The manual mentions drawing a file along the barrel to smooth it out, but tis is not necessary as the barrel is pretty smooth from the start, I did use a file to reduce the all of the obnoxious lettering stamped on the barrel however.

The buttplate also fit croked on my rifle and was probably the most difficult part to straighten out, the barrel cahnnel needed a little inletting also.

I'll post pictures of my rifle later today or tomorow if I have time.

I don't want to end up with sights that slide off the side when you tilt the gun
The dovetails should fit pretty tight. The standard practice is to sight the rifle in and then ping the edge of the dovetail where it meets the sight base with a center punch to stake it in place.

redneck
January 5, 2003, 11:46 AM
Thanks
All the peices on mine are still rough from casting too. I started rubbing them out with some really good 150grit paper from klingspore (spelling?) it eats that stuff up. I figure on taking everything to at least 320 before browning. I'm using some browning solution they had at the log cabin shop,looks like some guy has a business making small batches of it. Came with pretty good instructions and he included his address and phone number in case anyone has questions. Providing he follows through,and the stuff works , seems like a heck of a guy to deal with.
Yeah the butt plate on mine was almost 1/4" off on one side and almost flush on the other. I figured if I used a rasp or file I'd just end up with it rounded off at the edge and awkward looking. So I got out the gouges and starting carving trying to keep the right proportions on everything. It went surprisingly well (I didn't leave any butchered spots :D) That dang english walnut was hard stuff! Much harder than any walnut I'd worked with before.
Almost like rosewood. Carved very cleanly though with a sharp gouge and working at just the right angle with the grain.

Had to inlet the front of the barrel channel a little. the back was already a little loose. Have to put a paper shim underneath to make the rear key snug. Thats just hand fitting everything, when I screw the tang in it might all change.

That would be great to see a pic of your rifle. Might give me some more ideas on finishing mine. I'll have to try and post a pic or 2 when mines done also. That will probably be more of a challenge than building it though, computers an I don't always get along :scrutiny:

cracked butt
January 5, 2003, 10:18 PM
http://pic3.picturetrail.com/VOL15/728139/1538240/18020115.jpg

http://pic3.picturetrail.com/VOL15/728139/1538240/18020046.jpg

http://pic3.picturetrail.com/VOL15/728139/1538240/18019997.jpg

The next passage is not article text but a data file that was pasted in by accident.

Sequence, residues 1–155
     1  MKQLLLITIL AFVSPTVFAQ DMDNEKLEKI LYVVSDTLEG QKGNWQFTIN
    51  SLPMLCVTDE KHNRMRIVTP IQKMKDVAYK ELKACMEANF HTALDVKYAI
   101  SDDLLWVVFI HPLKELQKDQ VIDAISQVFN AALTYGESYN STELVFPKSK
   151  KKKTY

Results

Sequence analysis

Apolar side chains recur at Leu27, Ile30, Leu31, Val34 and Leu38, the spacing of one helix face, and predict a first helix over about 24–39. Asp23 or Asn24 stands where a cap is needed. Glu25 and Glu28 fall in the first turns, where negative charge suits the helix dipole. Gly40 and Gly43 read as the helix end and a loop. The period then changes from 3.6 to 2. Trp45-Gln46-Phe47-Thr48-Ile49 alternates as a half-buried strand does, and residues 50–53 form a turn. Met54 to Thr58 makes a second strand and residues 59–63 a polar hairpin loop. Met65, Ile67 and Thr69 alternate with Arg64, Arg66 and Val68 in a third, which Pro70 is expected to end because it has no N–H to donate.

1911
January 6, 2003, 09:28 AM
Although your Lyman is far from period correctness here is some info you might find useful.


In the olden days of the revolution on into the plains days you have to understand that gunsmiths never threw anything away and made use of all the parts that they had.

What does this mean to you?

Well gunsmiths of those areas would rarely make things for the rifles that they built if they had a part lying around off of a old rifle.

For instance,its not to uncommon for a period correct rifle to have various parts on it such as a brass nosecap and browned butt plate with iron thimbles.You even see virginia rifles and tn rifles with weird locks on them.

Of course today most of the custom gun makers and semi custom gun makers are building guns with all matching hardware.You see its really your choice and what you like that will dictate what parts you finish and how you will finish them.

Btw ck out the kits from TVM when you get a chance.They make a great starting rifle at just a few more bucks than a Lyman rifle will cost you.


good luck and I hope this info helps.

redneck
January 6, 2003, 06:46 PM
Thanks 1911
I've actually been tossing around the idea of not browning anything but the barrel and maybe the trigger gaurd. I kind of like the idea of leaving the other peices polished to make them stand out a little. Brass would be shiny, so why not steel? It all depends on how dark the stock ends up and how I feel about it after browning the barrel. Might not be best for historical accuracy, or hunting but I'm not real concerned with either on this gun.

Cracked Butt
That looks great. Is that just oil on the stock or did you stain it with something? Nice work.

cracked butt
January 7, 2003, 08:23 AM
I used the Birchwood Casey tru-oil kit with its walnut stain. Its a bit shiny for my tastes but did leave a really nice finish.